The iPhone 13 (and iPhone 13 mini) are the same phones with different screen and battery sizes. That’s it. In fact, the iPhone 13 is nearly-identical to the iPhone 12 too. The only differences are the much-improved camera(s), battery life and processor.
Whether that’s enough to make you want to upgrade will depend on your starting point. If you’re an iPhone 12 user, then the answer is “probably not”. If you’re on an iPhone 11, then the iPhone 13 starts to look a lot more convincing. Anything before that is almost unrecognisable – that’s how good this phone is.
- Great camera improvements
- Photography is much better (especially in low-light settings)
- Same great design as the iPhone 12
- Big battery improvements
- 60Hz display behind the competition
- No fast charging
Both the iPhone 13 and the iPhone 13 mini come in different configurations and the price varies accordingly. See the table below:
iPhone 13 mini:
- 128GB – $1,249
- 256GB – $1,449
- 512GB – $1,849
- 128GB – $1,429
- 256GB – $1,629
- 512GB – $2,029
The 13th version of Apple’s iPhone doesn’t bring the same big design changes we saw with the iPhone 12. Nearly everything about it looks the same as the previous device. This isn’t a negative, the iPhone 13 and the mini look fantastic.
They have the same flat sides, the Ceramic Shield display, the glass back and the MagSafe compatibility. The only differences are the smaller notch on the display and the larger camera bump and even those aren’t dramatic differences.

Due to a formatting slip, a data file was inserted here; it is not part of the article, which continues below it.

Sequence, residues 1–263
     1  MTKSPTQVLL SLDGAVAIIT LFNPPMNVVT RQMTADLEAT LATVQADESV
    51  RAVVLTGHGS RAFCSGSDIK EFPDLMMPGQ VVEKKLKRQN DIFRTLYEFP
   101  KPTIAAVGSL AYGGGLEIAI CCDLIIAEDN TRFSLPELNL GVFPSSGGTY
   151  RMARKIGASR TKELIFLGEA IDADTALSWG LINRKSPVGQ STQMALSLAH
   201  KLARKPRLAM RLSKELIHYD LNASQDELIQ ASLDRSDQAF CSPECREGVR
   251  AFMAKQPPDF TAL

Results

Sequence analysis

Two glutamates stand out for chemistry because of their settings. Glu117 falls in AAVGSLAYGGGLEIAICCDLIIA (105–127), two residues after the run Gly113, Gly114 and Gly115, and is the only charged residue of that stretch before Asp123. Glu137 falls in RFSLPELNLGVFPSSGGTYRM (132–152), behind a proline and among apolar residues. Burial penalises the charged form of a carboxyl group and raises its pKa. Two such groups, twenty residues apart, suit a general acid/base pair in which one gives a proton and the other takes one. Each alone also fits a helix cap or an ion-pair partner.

The notch has been reduced by 20%, however, it’s still present at the top of the display (an easy design change to miss). The only way you’ll notice the difference is if you hold the iPhone 13 next to an iPhone 12 and study them both closely.
On the other hand, the camera bump is quite a bit larger and the camera lenses are now laid out diagonally as opposed to vertically. This is to make room for the much larger sensor in the Wide lens.
The iPhone 13 has a 6.1 inch 2532 x 1170 Super Retina XDR OLED display. The iPhone 13 mini has the same display, albeit it’s smaller at 5.4-inches, and has a lower resolution at 2340 x 1080. Other than the size we found both displays were very good but a half-step down from the iPhone 13 Pro devices.
Both displays are sharp, bright and they work fine in direct sunlight. Apple has continued with it’s nice and thin bezels around the screen’s edge, and of course, the notch is still at the top but now a bit smaller (as discussed above).
Neither the iPhone 13 nor the mini received the 120Hz upgrade found in the Pro and Pro Max. They have a maximum refresh rate of 60Hz. Which is a bit disappointing.
The iPhone 13 and iPhone 13 mini utilise Apples’ new A15 Bionic processor. The A15 has 6 CPU cores, 4 being energy-efficient cores and 2 being high performance and 4 GPU cores.